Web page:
The Bank of Thailand said Thursday it will further ease capital controls on inflows of foreign funds that were imposed in December to weaken the Thai baht.
The bank said that, effective March 15, it would exempt from the controls fully hedged inflows into local debt markets, mutual funds and property funds.
Assistant Bank Governor Nitaya Pibulratanagit told a news conference that a previous outright ban on foreign purchases of local short-term debt will be removed on the same date.
In order to qualify for the new exemption, the inflows must enter the country fully hedged via foreign exchange swaps with a maturity of at least three months, she said.
When the controls—which imposed a one-year, 30% withholding requirement on many types of capital inflows—were implemented in December, they caused an uproar and sent the Thai stock market plunging a record 15%.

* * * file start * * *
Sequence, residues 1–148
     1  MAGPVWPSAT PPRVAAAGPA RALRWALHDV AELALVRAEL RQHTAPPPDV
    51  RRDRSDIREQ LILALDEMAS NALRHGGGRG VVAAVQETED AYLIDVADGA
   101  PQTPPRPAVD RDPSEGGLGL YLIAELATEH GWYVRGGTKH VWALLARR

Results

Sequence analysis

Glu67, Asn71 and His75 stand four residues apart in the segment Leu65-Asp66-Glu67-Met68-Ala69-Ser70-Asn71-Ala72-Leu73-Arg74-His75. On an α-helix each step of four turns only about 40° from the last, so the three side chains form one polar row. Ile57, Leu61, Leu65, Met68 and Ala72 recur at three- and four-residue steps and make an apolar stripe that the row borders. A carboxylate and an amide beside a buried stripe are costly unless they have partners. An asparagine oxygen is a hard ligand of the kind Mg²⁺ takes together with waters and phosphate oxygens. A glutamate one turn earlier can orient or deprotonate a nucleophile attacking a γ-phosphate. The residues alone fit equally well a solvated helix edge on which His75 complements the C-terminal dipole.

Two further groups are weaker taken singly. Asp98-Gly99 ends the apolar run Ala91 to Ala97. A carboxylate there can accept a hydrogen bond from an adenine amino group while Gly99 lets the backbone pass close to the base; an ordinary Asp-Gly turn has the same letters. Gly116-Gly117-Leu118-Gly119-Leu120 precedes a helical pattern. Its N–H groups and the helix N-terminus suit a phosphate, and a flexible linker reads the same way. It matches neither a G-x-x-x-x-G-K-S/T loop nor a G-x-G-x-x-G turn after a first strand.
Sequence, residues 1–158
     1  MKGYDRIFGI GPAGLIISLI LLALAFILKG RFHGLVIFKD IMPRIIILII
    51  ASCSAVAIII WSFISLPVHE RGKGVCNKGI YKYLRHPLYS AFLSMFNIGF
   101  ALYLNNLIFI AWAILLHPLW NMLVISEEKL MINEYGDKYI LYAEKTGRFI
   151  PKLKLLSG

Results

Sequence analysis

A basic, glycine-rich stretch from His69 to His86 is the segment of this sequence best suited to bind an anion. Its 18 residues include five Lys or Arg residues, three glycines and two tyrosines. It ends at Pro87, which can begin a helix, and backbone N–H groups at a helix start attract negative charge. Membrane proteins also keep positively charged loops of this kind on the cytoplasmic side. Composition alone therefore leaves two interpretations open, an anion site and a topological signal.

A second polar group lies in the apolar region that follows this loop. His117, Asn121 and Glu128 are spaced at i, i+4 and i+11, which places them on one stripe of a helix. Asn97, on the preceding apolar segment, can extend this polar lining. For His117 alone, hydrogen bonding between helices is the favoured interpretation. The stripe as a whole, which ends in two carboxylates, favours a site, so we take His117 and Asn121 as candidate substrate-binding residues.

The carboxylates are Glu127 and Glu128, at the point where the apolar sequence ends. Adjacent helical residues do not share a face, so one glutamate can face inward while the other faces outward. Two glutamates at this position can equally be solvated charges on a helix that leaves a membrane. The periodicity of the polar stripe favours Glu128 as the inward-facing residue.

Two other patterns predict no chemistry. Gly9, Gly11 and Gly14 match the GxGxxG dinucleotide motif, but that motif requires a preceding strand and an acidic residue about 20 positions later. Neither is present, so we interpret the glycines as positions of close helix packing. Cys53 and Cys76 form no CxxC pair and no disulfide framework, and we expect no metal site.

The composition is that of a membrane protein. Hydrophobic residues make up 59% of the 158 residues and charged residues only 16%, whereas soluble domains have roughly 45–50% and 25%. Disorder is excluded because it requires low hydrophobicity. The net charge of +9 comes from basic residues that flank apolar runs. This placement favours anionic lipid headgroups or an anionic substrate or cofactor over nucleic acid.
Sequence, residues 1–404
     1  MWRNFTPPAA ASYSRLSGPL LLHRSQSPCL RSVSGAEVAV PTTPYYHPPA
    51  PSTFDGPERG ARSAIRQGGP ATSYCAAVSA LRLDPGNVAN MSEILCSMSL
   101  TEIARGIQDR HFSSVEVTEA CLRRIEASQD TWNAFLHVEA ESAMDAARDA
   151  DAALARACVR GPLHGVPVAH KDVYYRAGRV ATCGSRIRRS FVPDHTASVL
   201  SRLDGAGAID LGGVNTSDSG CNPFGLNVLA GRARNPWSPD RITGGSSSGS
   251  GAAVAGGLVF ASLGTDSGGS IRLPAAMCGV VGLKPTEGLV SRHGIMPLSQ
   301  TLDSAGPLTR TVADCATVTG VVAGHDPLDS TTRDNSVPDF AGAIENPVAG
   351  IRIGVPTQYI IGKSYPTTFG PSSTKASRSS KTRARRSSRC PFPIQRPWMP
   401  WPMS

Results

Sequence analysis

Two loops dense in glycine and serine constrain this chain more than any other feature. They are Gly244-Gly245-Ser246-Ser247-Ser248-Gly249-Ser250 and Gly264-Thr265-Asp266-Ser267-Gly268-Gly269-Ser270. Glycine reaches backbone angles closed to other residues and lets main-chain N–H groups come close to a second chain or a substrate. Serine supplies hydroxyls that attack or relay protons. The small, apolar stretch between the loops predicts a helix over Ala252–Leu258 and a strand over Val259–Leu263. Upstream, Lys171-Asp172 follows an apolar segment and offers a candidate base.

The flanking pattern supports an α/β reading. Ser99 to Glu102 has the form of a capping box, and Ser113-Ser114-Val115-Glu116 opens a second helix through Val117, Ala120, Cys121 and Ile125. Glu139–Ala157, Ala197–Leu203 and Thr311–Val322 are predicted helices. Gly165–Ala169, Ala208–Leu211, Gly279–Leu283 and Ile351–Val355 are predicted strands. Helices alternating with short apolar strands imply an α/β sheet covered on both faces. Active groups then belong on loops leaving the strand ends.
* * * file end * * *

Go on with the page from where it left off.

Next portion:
In response, authorities quickly rescinded aspects of the controls, exempting stock buying and foriegn direct investment, while maintaining the measures on bonds.
“Nonresident players still want to buy and sell debt instruments to make profits, but we want to keep control (of the funds), so we will allow those transactions to be executed through special accounts,” Nitaya said.
What remains covered by the controls are purchases of baht currency by nonresidents with foreign currency in amounts of more than US$20,000 which aren’t for documented purposes related to trade or services, equities, debt, unit trusts, allowed property and futures investments, or offshore borrowings of local companies.
In a speech on the financial sector late Wednesday, Bank Governor Tarisa Watanagase said the controls aren’t permanent but added they would remain in place until one-way speculative flows into the country ceased, and the baht is moving with regional currencies.
Tarisa said she is comfortable with movement in the baht recently, because it is more in line with the movement of regional currencies against the US dollar, after a period of excessive outperformance last year.
But it isn’t yet time to remove the capital controls, she said.
“The 30% reserve requirement is still in place, and the central bank will review the situation regularly,” Tarisa said.